Breaks my heart to see all that gold dust go in the river :smiley: .

[quote=“Stanton, post:110, topic:858”]Even more stupid is that Heflin dumps the gold dust into the river instead of hiding it.[/quote]Yeah, that was weird. What was the point in doing that?

I think Caminito/Di Leo/Capitani were depicting what we (the audience) would do if we were Cooper, rather than carrying those heavy sacks to some nearby spot after our food and horses were stolen. I was expecting Cooper to return to it though.

I’d rate the film as extremely watchable. The gunfight at the mission is intensely realistic, mostly via the sound-design. When I saw Roland doing an impromptu flamenco-jig as he ambled toward cover beforehand, I knew it was gonna be a great shoot-out. As for the characters of Hilton and Kinski being gay… I guess so, maybe. Hilton was flirting heavily with those schoolgirls on the stagecoach when he arrived.

Watched this last night. I’m still wondering why this isn’t on the SWDB top-50. Ok, this has a bit slow start (even though the opening scenes are excellent!) but after that things get better and better as the movie goes on. One great thing about this movie is the brilliant cast. George Hilton plays Manolo Sanchez nicely and Van Heflin plays the part of old prospector wonderfully. I’ve always loved Gilbert Roland’s work in spaghetti westerns and this movie is another great example of Roland’s acting talent. But the guy who almost steals the show is the one and only, Klaus Kinski. For example the way Kinski rides to this tiny town in the rain is magnificent, I simply loved that small scene in the beginning. Kinski does so powerful role here because sometimes he even doesn’t need to say anything and still he can be dominating the scene.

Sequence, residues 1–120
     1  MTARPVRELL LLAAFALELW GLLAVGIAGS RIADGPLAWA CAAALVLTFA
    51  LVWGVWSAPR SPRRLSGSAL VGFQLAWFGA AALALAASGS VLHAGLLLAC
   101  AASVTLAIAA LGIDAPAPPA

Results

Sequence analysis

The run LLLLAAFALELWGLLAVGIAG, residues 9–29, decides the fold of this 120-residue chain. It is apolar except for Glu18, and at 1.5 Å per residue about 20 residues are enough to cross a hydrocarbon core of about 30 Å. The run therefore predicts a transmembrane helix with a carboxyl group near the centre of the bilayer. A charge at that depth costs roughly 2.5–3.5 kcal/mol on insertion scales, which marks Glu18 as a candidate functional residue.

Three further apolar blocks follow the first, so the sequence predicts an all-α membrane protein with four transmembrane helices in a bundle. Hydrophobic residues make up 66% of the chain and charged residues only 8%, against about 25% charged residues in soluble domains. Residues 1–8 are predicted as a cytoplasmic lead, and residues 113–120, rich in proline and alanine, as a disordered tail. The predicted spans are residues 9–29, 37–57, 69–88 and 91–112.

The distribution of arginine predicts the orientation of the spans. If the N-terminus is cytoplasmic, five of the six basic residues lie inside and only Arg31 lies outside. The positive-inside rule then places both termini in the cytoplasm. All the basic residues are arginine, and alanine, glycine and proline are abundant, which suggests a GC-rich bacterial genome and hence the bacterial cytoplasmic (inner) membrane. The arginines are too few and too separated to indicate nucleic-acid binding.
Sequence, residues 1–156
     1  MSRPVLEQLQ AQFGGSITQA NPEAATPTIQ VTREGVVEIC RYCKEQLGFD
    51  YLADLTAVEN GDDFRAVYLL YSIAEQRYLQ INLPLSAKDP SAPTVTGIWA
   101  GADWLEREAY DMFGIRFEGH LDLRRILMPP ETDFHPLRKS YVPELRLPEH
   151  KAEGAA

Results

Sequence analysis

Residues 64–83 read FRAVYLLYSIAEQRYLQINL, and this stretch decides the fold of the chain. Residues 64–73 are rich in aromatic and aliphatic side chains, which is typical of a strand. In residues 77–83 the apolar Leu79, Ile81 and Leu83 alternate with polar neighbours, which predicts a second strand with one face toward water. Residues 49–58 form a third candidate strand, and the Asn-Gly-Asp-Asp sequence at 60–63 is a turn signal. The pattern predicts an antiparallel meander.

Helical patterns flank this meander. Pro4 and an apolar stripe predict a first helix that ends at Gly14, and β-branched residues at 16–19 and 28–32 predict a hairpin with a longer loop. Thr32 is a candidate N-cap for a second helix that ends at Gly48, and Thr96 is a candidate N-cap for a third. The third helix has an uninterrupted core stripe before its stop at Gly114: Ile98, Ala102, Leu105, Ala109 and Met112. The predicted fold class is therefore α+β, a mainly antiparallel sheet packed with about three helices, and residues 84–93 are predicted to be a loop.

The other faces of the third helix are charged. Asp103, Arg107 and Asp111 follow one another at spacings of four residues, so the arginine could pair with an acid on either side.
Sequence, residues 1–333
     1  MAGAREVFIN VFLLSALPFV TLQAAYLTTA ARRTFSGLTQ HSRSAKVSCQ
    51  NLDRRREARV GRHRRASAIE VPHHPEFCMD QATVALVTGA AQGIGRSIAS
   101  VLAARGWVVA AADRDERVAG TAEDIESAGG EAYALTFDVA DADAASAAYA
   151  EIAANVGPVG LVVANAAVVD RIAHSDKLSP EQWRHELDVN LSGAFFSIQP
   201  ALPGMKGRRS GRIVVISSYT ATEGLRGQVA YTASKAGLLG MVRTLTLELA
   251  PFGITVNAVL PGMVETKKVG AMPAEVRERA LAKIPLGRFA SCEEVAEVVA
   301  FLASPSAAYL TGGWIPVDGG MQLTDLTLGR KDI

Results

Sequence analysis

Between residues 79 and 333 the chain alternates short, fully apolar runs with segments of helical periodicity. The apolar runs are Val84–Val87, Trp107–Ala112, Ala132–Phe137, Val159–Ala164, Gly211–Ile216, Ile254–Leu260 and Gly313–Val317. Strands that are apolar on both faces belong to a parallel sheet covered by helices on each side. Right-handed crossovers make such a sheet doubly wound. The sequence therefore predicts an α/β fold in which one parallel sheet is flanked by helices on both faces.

All in all this is an entertaining movie, highly recommended to all SW fans! The Ruthless Four has also great cinematography and a solid soundtrack. Like said before in this topic, this isn’t a perfect movie but very enjoyable spaghetti western anyway.

4 stars out of 5.

did you notice that the music during the end was Miserlou, which was used (in a more faster version by Dick Dale) in Pulp Fiction?

I fancied a bit more gold mine action after Kill Django… so opted to revisit this slow moving spag.

It’s very different in pace and style to most spags and miles away from the clichés of the last watched film Cjamango.
I liked the Annie the whore (Sarah Ross) character and the ‘upside-down’ filming bit. The stylish shootout when they sneak-swap guns and Gilbert does his dance is great, and there’s some fabulous moody scenes after this with only wind and creakiness as the soundtrack to the gunplay.

All four characters are perfectly cast and believable, and the relationships based on a clutch of uneasy alliances creates a palpable tension.